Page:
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Accuracy of Self-Monitored Blood Glucose in Type 2 Diabetes

Accuracy of Self-Monitored Blood Glucose in Type 2 Diabetes Background: The prevalence and predictors of inaccurate self-monitored blood glucose (SMBG) diaries in type 2 diabetes are not well defined. Methods: This was a cross-sectional study of adults with type 2 diabetes in a diabetes clinic at a large urban public hospital. We collected copies of SMBG diaries and downloaded data from their glucose meters if patients brought them to their clinic appointment. Trained interviewers used standard tests to assess literacy, depression, and cognitive function. The main outcome measure was accuracy of the glucose diary assessed by comparing reported values to meter memory readings and to results of hemoglobin A 1c . Results: Blood glucose self-monitoring was either missing or misleading for 48% (55 of 115) because (1) patients brought neither meter nor the SMBG diary ( n  = 26) or (2) the diary was inaccurate ( n  = 29). An inaccurate glucose diary (by comparison with meter readings) was predicted by normotension (odd ratio 5.6, P  = 0.02) and one measure of cognitive impairment, slow Digit Symbol Coding (odds ratio 2.2, P  = 0.02). A patient's self-assessment of his or her diary's accuracy was unreliable (sensitivity 63%, specificity 56%). Conclusions: SMBG diaries are frequently either not accurate or not brought to clinic visit. Some inaccuracy might be due to cognitive impairment. To achieve maximum benefit from glucose self-monitoring, glucose meter memory analysis is crucial before making therapy adjustments based on SMBG. http://www.deepdyve.com/assets/images/DeepDyve-Logo-lg.png Diabetes Technology & Therapeutics Mary Ann Liebert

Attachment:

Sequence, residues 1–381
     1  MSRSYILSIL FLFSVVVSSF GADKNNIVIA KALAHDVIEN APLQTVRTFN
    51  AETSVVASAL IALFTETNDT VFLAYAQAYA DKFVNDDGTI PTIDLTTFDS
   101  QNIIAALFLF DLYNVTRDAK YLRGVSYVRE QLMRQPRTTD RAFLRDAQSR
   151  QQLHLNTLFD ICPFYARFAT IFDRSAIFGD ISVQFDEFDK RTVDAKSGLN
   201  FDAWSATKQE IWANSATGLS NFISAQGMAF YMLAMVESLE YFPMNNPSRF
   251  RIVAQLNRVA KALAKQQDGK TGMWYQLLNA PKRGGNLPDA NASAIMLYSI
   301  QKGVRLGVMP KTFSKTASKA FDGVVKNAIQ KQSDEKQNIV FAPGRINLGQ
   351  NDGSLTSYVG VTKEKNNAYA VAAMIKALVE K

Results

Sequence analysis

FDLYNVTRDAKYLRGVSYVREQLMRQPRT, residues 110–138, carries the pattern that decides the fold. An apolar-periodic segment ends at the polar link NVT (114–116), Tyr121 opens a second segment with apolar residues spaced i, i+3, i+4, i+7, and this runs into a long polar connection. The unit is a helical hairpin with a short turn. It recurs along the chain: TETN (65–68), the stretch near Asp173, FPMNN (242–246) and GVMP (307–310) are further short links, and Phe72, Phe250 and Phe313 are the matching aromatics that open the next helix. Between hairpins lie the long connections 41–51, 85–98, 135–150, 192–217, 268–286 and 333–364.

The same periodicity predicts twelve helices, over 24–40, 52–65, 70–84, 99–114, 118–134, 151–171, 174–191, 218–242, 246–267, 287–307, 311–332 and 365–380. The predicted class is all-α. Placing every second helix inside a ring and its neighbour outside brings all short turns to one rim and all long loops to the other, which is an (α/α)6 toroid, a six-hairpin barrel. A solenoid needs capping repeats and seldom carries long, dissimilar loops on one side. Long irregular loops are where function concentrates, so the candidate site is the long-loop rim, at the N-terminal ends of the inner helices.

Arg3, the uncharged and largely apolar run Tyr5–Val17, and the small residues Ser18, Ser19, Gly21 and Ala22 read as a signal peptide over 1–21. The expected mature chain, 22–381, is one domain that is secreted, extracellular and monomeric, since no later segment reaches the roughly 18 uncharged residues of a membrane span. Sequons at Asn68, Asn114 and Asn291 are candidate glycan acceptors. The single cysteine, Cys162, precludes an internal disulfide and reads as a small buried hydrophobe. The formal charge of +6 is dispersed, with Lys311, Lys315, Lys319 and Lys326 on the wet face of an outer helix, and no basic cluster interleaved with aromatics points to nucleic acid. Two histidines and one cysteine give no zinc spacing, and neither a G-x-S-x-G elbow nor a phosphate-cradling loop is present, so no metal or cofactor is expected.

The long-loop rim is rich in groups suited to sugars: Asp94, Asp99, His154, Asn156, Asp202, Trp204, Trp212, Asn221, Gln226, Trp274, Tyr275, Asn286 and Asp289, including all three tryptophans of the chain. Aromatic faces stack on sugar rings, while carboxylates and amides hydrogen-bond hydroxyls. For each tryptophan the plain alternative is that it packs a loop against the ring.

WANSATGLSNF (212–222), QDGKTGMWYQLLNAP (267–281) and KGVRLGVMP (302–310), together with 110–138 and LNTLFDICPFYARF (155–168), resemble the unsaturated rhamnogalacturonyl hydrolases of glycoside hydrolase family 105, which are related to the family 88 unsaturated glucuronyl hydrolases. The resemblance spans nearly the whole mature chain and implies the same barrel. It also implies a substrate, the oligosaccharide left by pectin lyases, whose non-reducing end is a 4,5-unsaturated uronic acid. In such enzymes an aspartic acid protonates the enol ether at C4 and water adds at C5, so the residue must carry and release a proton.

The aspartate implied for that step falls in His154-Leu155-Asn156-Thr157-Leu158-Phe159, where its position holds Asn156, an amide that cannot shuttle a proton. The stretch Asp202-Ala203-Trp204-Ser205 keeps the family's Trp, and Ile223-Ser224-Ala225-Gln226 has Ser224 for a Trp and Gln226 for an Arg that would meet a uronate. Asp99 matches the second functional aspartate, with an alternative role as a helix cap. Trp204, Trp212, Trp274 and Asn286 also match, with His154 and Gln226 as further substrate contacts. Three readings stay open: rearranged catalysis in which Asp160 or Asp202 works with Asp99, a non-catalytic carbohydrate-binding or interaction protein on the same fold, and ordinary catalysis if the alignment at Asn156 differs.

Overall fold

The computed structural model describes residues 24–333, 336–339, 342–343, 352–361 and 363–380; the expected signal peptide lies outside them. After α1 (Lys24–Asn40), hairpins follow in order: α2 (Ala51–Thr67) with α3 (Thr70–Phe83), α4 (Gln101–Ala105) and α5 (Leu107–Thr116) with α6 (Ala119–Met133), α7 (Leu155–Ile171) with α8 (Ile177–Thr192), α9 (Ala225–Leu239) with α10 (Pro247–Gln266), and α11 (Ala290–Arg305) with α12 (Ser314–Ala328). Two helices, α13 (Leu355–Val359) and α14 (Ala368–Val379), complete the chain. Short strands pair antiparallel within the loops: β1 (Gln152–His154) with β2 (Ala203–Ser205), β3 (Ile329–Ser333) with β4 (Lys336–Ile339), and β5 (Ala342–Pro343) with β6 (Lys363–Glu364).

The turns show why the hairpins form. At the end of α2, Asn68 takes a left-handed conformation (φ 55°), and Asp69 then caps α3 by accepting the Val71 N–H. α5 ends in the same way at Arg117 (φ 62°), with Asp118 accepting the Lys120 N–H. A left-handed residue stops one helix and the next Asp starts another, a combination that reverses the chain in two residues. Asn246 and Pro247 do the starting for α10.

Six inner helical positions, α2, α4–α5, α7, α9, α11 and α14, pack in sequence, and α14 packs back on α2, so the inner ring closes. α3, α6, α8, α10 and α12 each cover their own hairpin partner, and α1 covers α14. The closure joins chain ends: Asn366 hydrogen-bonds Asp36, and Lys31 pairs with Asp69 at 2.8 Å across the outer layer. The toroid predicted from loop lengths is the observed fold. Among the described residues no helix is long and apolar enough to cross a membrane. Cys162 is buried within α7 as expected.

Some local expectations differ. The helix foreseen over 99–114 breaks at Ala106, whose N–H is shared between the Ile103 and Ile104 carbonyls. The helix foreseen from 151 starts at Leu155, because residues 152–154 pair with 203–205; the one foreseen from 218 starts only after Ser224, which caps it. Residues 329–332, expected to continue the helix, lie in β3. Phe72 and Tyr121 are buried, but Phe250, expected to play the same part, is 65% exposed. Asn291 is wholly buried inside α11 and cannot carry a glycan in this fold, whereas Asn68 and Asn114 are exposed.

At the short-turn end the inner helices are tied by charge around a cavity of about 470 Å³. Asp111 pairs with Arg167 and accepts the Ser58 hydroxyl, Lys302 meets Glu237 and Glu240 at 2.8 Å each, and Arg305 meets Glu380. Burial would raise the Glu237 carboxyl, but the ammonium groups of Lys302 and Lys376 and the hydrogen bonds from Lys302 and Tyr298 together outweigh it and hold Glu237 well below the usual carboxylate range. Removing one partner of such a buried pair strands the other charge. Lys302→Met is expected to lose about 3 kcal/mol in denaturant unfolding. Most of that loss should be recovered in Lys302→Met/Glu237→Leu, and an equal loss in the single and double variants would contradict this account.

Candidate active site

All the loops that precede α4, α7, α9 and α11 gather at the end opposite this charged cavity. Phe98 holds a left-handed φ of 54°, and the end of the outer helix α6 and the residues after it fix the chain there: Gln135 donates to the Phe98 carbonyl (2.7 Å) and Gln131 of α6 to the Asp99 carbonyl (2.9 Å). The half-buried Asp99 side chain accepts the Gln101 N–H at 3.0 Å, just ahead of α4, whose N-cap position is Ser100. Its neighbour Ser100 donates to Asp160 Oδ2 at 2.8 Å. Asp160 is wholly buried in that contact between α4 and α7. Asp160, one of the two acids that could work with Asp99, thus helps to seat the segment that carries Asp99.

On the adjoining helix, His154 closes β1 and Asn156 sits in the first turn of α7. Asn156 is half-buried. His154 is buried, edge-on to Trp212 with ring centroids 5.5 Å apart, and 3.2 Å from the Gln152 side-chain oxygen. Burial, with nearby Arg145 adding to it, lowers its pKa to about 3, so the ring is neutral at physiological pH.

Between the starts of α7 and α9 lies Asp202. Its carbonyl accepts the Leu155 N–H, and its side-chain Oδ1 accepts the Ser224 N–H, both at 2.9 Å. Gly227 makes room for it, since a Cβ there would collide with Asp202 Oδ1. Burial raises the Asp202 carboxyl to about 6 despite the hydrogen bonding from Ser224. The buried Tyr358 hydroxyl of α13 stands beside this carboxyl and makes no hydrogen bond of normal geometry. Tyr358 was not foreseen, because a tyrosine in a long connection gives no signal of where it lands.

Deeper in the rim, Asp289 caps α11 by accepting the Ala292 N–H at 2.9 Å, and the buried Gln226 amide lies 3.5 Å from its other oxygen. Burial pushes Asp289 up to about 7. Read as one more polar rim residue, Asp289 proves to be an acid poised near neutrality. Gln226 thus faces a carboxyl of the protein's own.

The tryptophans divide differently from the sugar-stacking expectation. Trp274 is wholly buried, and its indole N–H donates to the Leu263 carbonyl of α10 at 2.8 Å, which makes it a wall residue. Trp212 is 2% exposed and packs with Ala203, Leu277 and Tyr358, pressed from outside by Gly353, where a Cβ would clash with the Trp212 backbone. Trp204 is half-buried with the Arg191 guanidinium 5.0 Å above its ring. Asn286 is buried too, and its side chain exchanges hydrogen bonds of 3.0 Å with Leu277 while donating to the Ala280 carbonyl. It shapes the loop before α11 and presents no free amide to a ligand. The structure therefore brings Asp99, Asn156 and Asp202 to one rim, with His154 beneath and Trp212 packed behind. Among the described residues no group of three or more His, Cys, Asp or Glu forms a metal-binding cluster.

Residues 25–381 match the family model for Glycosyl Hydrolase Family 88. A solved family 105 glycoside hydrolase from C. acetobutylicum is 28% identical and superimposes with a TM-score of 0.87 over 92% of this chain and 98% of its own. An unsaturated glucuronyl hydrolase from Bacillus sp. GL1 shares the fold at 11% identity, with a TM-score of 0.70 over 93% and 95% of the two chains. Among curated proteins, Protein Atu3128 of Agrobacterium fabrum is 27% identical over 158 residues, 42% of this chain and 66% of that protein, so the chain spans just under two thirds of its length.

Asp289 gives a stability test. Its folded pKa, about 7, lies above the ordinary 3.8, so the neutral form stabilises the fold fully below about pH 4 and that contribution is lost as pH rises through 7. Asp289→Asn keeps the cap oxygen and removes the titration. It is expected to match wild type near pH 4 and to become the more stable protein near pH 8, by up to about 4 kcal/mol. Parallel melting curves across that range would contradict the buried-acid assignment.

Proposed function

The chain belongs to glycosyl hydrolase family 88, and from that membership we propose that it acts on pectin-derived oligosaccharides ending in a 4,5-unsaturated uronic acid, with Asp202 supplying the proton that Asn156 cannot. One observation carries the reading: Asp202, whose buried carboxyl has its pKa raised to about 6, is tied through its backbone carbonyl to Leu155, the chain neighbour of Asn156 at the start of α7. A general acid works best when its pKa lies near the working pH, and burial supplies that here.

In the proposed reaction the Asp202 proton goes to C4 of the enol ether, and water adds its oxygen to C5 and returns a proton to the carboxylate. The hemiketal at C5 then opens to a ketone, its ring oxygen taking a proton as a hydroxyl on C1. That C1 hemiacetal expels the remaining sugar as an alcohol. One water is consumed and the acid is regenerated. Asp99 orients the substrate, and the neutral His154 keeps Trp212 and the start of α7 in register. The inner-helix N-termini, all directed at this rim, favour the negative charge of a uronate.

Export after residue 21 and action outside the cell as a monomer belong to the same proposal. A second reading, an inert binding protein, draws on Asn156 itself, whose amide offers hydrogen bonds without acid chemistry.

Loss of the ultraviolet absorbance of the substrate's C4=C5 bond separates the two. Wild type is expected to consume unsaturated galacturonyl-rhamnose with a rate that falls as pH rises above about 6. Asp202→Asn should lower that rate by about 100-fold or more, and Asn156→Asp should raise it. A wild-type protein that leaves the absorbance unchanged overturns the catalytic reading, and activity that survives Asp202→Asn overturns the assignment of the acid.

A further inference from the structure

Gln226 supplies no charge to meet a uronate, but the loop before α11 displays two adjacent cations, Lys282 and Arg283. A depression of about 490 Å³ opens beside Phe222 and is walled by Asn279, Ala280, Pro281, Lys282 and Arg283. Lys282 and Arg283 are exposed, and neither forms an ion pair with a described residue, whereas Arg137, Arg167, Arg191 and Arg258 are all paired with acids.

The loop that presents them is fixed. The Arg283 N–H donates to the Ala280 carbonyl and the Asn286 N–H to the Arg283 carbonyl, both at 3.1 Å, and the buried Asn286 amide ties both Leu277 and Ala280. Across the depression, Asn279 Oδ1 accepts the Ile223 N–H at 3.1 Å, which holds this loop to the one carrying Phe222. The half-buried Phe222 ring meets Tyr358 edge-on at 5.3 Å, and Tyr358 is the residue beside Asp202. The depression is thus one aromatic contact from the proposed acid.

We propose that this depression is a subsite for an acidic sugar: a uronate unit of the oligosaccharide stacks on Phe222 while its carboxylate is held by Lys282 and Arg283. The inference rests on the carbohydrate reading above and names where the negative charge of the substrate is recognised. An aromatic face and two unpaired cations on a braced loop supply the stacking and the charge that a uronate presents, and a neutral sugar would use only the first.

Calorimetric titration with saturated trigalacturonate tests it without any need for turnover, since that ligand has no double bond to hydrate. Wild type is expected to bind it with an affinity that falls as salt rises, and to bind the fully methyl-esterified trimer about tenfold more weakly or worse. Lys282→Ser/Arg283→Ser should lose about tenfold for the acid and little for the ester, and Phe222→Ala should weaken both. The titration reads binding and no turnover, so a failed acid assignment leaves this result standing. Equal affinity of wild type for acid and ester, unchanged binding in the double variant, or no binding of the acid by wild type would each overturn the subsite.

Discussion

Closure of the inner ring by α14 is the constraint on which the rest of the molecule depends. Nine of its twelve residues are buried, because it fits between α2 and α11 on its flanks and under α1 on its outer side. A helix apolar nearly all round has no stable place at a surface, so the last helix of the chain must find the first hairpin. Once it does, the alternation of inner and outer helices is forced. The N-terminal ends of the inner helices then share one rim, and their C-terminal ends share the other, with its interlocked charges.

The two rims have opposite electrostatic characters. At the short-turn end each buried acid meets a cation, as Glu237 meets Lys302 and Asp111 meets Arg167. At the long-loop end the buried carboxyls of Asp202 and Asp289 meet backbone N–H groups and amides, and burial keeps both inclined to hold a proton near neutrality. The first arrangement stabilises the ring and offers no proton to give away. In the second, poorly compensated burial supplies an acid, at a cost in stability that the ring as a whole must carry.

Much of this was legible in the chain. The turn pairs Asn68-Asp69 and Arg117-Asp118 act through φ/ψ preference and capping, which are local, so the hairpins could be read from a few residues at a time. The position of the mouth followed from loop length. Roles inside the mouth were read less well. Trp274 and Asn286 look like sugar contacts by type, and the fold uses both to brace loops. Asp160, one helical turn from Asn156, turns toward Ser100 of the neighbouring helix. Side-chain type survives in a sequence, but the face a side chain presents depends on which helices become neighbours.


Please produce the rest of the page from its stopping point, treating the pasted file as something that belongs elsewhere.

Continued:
Accuracy of Self-Monitored Blood Glucose in Type 2 Diabetes

Abstract

Background: The prevalence and predictors of inaccurate self-monitored blood glucose (SMBG) diaries in type 2 diabetes are not well defined. Methods: This was a cross-sectional study of adults with type 2 diabetes in a diabetes clinic at a large urban public hospital. We collected copies of SMBG diaries and downloaded data from their glucose meters if patients brought them to their clinic appointment. Trained interviewers used standard tests to assess literacy, depression, and cognitive function. The main outcome measure was accuracy of the glucose diary assessed by comparing reported values to meter memory readings and to results of hemoglobin A 1c . Results: Blood glucose self-monitoring was either missing or misleading for 48% (55 of 115) because (1) patients brought neither meter nor the SMBG diary ( n  = 26) or (2) the diary was inaccurate ( n  = 29). An inaccurate glucose diary (by comparison with meter readings) was predicted by normotension (odd ratio 5.6, P  = 0.02) and one measure of cognitive impairment, slow Digit Symbol Coding (odds ratio 2.2, P  = 0.02). A patient's self-assessment of his or her diary's accuracy was unreliable (sensitivity 63%, specificity 56%). Conclusions: SMBG diaries are frequently either not accurate or not brought to clinic visit. Some inaccuracy might be due to cognitive impairment. To achieve maximum benefit from glucose self-monitoring, glucose meter memory analysis is crucial before making therapy adjustments based on SMBG.
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